So, I’m adjusting my strategy a bit. And peace talks are proceeding nicely.

Becoming an Agnostic

Question from an application I recently completed: “[fantastic mentoring organization] attracts leaders from a wide range of fields: traditional non-profit, social entrepreneurship, traditional for-profit, public service, and academia. What sector do you most closely associate yourself with?”

This question comes up a lot–in my opinion, more than it should.

I have started describing myself as “sector agnostic,” a term I first heard in a presentation by David Bornstein. It’s not merely a matter of semantics, either. For years, we’ve talked about and worked to move past the “silo-ing” that wastes resources, squelches collaboration, and limits the impact of all kinds of organizations–businesses, non-profits, agencies, and departments alike.

Perhaps one of the greatest strengths any social entrepreneur (or intrapreneur) can offer is an ability and commitment to “associate closely” with ALL these sectors; to take lessons, adapt best practices, seek inspiration and integrate principles from each of these traditionally segregated arenas to get beyond the semantics and the status quo and focus on solutions.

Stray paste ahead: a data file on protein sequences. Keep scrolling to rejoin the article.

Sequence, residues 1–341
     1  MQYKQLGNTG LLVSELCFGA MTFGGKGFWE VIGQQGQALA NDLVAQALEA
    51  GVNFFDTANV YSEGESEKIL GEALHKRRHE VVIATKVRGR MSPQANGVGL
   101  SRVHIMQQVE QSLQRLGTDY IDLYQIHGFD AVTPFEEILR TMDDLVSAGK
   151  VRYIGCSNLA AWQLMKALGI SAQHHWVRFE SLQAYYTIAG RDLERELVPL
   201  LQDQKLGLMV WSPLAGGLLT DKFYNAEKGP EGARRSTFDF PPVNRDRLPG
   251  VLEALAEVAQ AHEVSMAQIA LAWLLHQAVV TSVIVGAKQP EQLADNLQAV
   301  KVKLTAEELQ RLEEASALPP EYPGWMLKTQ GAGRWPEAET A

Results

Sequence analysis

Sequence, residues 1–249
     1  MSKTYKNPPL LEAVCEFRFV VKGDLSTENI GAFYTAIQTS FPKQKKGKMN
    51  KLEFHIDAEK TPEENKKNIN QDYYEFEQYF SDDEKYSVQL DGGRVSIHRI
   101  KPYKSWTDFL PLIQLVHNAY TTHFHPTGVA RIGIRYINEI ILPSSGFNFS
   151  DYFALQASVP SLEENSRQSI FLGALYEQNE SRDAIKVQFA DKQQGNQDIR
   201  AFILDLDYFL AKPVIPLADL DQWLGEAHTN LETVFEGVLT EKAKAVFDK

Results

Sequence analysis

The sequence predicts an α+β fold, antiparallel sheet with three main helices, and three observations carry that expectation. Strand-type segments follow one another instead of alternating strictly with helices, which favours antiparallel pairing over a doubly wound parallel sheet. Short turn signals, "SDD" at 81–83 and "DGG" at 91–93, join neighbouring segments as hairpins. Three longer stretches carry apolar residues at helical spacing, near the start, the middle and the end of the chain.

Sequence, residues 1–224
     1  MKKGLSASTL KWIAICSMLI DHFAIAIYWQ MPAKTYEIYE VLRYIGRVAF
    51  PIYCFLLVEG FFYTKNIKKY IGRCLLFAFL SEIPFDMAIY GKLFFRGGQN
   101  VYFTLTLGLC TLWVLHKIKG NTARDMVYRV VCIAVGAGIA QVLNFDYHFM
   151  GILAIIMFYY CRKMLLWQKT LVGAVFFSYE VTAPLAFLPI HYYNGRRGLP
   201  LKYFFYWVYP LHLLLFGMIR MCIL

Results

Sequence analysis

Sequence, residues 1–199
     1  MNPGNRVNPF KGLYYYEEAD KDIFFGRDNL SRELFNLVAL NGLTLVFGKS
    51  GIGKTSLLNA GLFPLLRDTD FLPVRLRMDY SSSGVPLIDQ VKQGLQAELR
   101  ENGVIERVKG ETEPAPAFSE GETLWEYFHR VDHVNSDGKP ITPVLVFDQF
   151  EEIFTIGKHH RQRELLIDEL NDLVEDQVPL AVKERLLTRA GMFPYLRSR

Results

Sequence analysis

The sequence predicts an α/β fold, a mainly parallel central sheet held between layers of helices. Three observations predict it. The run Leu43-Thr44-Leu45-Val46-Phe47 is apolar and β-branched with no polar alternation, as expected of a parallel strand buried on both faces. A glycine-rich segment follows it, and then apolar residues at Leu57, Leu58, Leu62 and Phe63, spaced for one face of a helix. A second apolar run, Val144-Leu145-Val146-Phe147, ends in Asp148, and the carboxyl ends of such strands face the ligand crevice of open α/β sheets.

So what does that look like? How do you recognize a sector agnostic?

I think there are some subtle cues: Their circle of friends and mentors is wide and varied…so is the magazine selection on their coffee table. The examples and stories they bring up in conversation come from everywhere and nowhere, yet they always end up relevant. You might even find yourself stumbling as you describe their work; “well, technically…” But they never seem to.  In fact, you seldom hear them using neat conceptual handles at all. Labels just don’t stick with them. All they seem to think and talk about is what works.